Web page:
As I stared at my Twitter feed blowing up on Thursday with excited Tweets about potential snow -- for the following Tuesday -- it really dawned on me just how things have changed in the meteorology field over the past 10-20 years. We're publically talking about a marginal snow event -- in Seattle -- already? When it's still five days away?!?!?
Fog and sunrise: it's a lovely combination around Seattle.
Michael Reid of Mike Reid Photography was in the perfect spot Friday morning to get this video (shown above) of the sun rising as a layer of fog was draped over Downtown Seattle.
SEATTLE -- It's probably the first time in several months an update to the long range seasonal forecasts hasn't been met with total dread by skiers, snowboarders, and anyone else who is a fan of a snowy winter.
That's probably because November has been kind to snow lovers so far with a parade of storms that have brought enough mountain snow for some ski resorts to open before Thanksgiving!
Scott's Note: In the original text, I erroneously crowned White Pass the wind champ at 119 mph, but it turns out I didn't run Mission Ridge's data back far enough. Lo and behild, they hit an eye-popping 137 mph gust Tuesday evening!
The Olympic Mountains may be home to Hurricane Ridge, but it was some of the Cascade ridges that took on hurricane-force winds during Tuesday's windstorm.
As an intense low pressure system passed by just to the north, it created an incredible pressure difference along the eastside of the Cascades, bringing triple-digit wind speeds to some spots.
SEATTLE -- November is traditionally the rainiest month in Seattle, and 2015 is sure following suit.
Through early on November 15, the month has already collected over 6.5 inches of rain -- already filling the typical monthly average (6.57") with still half a month to go.
Both Friday (1.32") and Saturday (1.86") were the second-wettest November 13th and 14th (respectively) on record in Seattle, and Sunday November 15 was already approaching another inch of rain.
Saturday will be remembered a soaker of a day, registering the second-wettest November 14th on record with 1.86" of rain in Seattle.
It was also the first time since Feb. 1 -- yes, the day of the Super Bowl -- that Seattle failed to reach 50 degrees (getting a high of 49 just after midnight, the cooling from there.)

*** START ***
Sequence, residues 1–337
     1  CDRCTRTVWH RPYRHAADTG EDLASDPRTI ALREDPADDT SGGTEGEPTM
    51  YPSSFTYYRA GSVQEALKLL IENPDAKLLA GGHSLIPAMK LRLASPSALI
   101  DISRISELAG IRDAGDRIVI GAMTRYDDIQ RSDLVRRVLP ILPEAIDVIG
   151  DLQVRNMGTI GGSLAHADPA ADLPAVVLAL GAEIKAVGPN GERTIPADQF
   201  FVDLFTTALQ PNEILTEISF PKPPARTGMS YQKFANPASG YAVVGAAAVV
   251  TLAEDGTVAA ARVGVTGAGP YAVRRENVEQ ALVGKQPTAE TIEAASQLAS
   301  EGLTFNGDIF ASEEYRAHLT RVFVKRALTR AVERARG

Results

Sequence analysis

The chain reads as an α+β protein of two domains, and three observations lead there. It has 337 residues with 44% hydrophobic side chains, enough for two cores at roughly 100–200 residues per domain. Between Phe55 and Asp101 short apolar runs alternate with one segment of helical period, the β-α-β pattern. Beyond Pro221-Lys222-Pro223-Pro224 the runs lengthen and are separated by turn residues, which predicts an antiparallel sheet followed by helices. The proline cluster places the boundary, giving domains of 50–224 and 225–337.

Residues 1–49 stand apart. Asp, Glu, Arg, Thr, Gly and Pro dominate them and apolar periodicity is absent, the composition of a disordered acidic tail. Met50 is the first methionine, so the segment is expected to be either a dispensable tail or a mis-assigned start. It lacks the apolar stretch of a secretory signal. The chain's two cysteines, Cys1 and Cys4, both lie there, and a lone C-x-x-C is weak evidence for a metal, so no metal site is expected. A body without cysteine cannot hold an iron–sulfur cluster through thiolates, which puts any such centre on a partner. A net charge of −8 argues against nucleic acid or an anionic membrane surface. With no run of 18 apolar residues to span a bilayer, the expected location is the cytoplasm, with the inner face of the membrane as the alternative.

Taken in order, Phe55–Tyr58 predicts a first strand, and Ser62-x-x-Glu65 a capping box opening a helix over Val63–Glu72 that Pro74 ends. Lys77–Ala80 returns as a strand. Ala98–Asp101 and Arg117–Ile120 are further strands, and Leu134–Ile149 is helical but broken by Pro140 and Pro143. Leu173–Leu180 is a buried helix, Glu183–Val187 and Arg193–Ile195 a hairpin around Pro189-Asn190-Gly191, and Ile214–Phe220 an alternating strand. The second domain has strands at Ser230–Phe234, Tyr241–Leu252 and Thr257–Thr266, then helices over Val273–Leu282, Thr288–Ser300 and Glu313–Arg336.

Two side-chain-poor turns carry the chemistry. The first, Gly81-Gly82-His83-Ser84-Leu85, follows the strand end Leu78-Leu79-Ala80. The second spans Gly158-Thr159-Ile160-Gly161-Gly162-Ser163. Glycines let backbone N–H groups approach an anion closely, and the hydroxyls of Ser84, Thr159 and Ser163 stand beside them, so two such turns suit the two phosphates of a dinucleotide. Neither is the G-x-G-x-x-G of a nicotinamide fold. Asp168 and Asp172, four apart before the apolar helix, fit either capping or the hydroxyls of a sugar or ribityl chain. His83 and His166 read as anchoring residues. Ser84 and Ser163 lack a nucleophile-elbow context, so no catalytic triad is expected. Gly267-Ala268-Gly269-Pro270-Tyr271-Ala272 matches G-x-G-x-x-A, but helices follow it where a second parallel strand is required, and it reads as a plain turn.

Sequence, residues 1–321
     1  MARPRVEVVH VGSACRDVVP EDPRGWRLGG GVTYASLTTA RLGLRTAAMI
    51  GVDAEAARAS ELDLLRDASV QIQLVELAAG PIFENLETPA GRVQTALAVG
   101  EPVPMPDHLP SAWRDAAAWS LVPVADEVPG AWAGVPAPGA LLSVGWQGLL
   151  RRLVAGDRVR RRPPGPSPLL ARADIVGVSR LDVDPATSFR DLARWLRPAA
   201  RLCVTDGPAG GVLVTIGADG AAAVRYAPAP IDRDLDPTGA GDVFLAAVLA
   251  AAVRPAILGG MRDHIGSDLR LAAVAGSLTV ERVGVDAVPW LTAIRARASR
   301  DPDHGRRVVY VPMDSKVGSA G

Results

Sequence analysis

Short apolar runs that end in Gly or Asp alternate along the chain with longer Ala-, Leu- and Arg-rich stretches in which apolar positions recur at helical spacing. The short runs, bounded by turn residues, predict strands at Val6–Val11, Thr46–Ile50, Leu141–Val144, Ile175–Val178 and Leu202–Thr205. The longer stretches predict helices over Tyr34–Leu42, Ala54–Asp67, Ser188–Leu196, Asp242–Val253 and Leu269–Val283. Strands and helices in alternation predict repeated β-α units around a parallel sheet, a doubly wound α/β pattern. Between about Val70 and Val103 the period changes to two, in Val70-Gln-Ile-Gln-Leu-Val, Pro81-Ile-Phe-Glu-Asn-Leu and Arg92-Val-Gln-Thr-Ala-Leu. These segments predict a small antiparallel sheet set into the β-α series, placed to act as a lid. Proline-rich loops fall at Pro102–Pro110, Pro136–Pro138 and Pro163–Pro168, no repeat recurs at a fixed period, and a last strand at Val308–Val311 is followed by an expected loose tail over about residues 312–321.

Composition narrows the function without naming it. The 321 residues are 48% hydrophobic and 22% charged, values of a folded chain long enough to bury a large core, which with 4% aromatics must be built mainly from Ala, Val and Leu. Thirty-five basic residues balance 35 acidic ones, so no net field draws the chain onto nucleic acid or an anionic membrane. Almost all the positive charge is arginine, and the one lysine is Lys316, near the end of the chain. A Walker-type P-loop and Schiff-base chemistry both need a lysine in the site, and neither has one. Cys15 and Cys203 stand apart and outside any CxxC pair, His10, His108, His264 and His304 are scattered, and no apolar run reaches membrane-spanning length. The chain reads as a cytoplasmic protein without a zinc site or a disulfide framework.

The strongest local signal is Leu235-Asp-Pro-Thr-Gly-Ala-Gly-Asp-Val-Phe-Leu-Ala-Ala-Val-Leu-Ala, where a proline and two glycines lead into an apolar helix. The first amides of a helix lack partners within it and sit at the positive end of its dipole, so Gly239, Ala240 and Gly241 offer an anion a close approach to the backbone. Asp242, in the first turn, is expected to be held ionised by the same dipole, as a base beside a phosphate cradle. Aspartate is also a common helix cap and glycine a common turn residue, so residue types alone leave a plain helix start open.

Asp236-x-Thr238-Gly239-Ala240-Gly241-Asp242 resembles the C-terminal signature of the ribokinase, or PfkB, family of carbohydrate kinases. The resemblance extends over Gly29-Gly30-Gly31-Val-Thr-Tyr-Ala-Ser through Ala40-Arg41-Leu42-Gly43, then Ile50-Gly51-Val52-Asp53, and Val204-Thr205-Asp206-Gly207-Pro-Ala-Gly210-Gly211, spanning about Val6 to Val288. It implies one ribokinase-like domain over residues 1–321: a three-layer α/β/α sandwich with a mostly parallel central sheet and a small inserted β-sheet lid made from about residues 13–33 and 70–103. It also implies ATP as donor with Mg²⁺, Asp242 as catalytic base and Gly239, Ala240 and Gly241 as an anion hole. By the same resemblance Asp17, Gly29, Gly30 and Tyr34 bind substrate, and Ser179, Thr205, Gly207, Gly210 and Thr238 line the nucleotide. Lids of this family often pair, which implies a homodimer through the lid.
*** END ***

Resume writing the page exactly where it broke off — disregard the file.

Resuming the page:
Think of all the weather stories your dad or granddad told you were a kid about how difficult it was.
Probably had nothing on what Des Moines, Iowa had on Wednesday. We've joked during our own storms about needing "weather bingo" to account for all the different events. We lose.
The morning started simple enough: Cloudy skies gave out a little drizzle. Temperatures in the mid 50s warmed into the low 60s at lunch. Clouds were pretty low and thick, but winds were only blowing at 15 mph.
"If you have never had a chance to stand on top of the clouds, put it on your list."
So says local photographer Don Jensen, who earlier this year got to spend a night doing just that, and the results were incredible.
Why would a pack of mules be carrying weather equipment up into the Olympic National Park this October? It's all in the name of weather research!
NASA has undertaken an ambitious research project this fall and winter called OLYMPEX (Olympic Mountains Experiment) to cover the Olympic Peninsula -- even its most remote locations -- with all sorts of weather instrument goodies in an effort to help NASA calibrate some new advanced weather satellites.
GIG HARBOR, Wash. -- It's a bit early for the snow season around here, but Gig Harbor got enough hail Sunday evening to at least catch a glimpse.
Most times when you see a video of the Northern Lights, it's in time lapse so you can get a better idea of the shimmering waves of color.
Not this time -- not needed.
Check out this video taken over Lake Superior from Marquette, Michigan on Friday night, courtesy of Lake Superior Photo.
News sites (and weather blogs) have been filled with stories about how the raging El Niño in the South-Central Pacific Ocean is set to rival, if not surpass the strongest event on record in 1997 and have accompanied daunting forecasts of what could happen in El Niño years.
For the Pacific Northwest, El Niño years have typically meant warmer and drier winters with less than average mountain snowpacks, and the long range forecasts have been consistently trending that way. So much so that it's become somewhat of a tradition in this weather blog to have cute "Emergency Kitten" video therapy for snow lovers who happen upon the forecast.
Turns out in Auburn, if you're a bird who likes to sleep in, you still won't go hungry.
Crystal Clarity was out for a walk in Auburn Sunday afternoon after the heavy rains that hit on Saturday, only to find a rather gross, slimy situation.
"At first, we didn't know what to make of it. There were so many of these odd, pink clumps all over the sidewalk. From a distance, it looked like raw hamburger," she said.
"But once we got close, we realized each of these clumps was actually tens of thousands of intertwined, living worms!"